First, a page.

|Financial year||Amount paid to staff on sick absence (£)||Percentage of annual staffing costs|
John Mann: To ask the Secretary of State for Foreign and Commonwealth Affairs how many UK (a) ambassadors and (b) high commissioners are (i) female and (ii) from an ethnic minority background. 
Gillian Merron: Twenty-two Foreign and Commonwealth Office staff currently serving as Heads of Mission overseas (including ambassadors, high commissioners and governors of British overseas territories) are women. Four Heads of Mission have recorded that they are from an ethnic minority (British minority ethnic).
Mr. Wallace: To ask the Secretary of State for Foreign and Commonwealth Affairs how many requests he has received from HM ambassadors for an increase in security staff since 2000; and how many such requests he granted. 
Mr. Harper: To ask the Secretary of State for Foreign and Commonwealth Affairs how many and what proportion of staff in (a) his Department and (b) the executive agencies for which he is responsible are disabled; and what the average salary in his (i) Department and (ii) executive agencies is of (A) full-time disabled staff, (B) full-time non-disabled staff, (C) part-time disabled staff and (D) part-time non-disabled staff.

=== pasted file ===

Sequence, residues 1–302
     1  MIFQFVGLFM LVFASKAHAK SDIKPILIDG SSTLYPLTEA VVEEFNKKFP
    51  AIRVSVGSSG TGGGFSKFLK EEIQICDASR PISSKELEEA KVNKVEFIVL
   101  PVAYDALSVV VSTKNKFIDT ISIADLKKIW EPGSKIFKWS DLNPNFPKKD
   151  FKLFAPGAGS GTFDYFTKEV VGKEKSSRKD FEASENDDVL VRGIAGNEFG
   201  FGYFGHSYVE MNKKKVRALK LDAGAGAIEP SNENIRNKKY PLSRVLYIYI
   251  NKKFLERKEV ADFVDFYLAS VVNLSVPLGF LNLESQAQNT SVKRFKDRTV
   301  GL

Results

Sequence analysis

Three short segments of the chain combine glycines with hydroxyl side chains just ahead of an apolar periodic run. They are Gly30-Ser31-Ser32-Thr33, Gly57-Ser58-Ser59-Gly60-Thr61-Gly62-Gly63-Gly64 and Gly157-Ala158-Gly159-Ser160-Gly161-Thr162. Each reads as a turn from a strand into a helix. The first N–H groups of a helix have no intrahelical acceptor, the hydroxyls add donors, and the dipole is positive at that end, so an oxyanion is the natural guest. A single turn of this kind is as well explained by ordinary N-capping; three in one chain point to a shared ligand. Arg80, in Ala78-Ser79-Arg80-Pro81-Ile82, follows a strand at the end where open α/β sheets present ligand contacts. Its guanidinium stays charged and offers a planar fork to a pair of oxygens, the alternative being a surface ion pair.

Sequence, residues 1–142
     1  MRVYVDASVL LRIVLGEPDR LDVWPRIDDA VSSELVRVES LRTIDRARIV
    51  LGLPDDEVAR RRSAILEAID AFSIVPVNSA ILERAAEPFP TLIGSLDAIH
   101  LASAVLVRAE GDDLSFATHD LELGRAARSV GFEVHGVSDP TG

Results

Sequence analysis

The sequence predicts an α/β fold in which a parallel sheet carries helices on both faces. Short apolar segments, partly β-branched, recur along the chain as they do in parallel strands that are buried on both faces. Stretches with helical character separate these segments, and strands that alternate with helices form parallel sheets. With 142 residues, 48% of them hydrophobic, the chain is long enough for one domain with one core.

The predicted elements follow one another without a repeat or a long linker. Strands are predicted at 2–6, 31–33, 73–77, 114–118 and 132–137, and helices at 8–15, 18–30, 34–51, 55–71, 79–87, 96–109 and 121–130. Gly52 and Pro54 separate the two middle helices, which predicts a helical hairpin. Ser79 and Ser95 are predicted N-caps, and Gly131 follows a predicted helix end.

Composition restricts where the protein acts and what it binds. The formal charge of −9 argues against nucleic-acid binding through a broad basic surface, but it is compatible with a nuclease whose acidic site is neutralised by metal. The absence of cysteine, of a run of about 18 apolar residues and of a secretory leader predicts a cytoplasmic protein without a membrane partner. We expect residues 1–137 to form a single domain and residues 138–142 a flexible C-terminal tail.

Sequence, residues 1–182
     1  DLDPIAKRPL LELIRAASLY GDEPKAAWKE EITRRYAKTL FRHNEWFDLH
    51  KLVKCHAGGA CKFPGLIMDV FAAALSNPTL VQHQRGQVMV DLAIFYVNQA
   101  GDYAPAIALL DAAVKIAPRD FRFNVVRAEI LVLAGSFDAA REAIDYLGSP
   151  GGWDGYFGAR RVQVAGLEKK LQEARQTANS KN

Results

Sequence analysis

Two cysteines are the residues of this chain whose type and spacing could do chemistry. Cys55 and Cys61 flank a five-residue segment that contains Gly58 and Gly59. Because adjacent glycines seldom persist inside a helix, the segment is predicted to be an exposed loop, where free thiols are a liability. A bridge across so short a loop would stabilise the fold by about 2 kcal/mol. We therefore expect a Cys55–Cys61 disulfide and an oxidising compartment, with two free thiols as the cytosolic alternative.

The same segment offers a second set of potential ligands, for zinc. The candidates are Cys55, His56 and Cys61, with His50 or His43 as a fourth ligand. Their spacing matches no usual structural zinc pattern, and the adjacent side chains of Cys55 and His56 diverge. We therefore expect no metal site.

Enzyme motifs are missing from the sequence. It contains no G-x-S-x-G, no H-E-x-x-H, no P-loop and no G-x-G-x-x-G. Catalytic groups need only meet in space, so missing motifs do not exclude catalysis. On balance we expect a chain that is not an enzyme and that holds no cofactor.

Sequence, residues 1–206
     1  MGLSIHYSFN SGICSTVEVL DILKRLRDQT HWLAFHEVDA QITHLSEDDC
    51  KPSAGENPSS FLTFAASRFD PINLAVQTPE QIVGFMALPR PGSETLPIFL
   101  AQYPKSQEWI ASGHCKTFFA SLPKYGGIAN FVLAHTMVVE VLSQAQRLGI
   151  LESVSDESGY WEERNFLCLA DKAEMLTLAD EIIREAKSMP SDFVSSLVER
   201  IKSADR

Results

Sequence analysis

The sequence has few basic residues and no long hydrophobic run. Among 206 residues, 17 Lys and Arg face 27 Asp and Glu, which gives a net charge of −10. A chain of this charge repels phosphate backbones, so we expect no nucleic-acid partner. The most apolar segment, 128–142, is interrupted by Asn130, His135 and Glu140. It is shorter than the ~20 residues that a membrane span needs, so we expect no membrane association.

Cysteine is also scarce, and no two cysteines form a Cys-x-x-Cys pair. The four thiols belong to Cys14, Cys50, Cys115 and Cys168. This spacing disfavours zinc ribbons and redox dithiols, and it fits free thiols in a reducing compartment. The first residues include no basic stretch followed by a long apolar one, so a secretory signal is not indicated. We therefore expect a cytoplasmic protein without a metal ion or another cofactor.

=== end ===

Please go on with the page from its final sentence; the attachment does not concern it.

Gillian Merron: I refer the hon. Member to the response given by my hon. Friend the Parliamentary Secretary, Cabinet Office, my hon. Friend the Member for West Bromwich, East (Mr. Watson) on 8 October 2008, Official Report, columns 651-57W.
Harry Cohen: To ask the Secretary of State for Foreign and Commonwealth Affairs if he will make representations to the Ethiopian authorities to accept the final and binding verdict of the International Ethiopian Eritrean Boundary Commission and withdraw its forces from the disputed areas.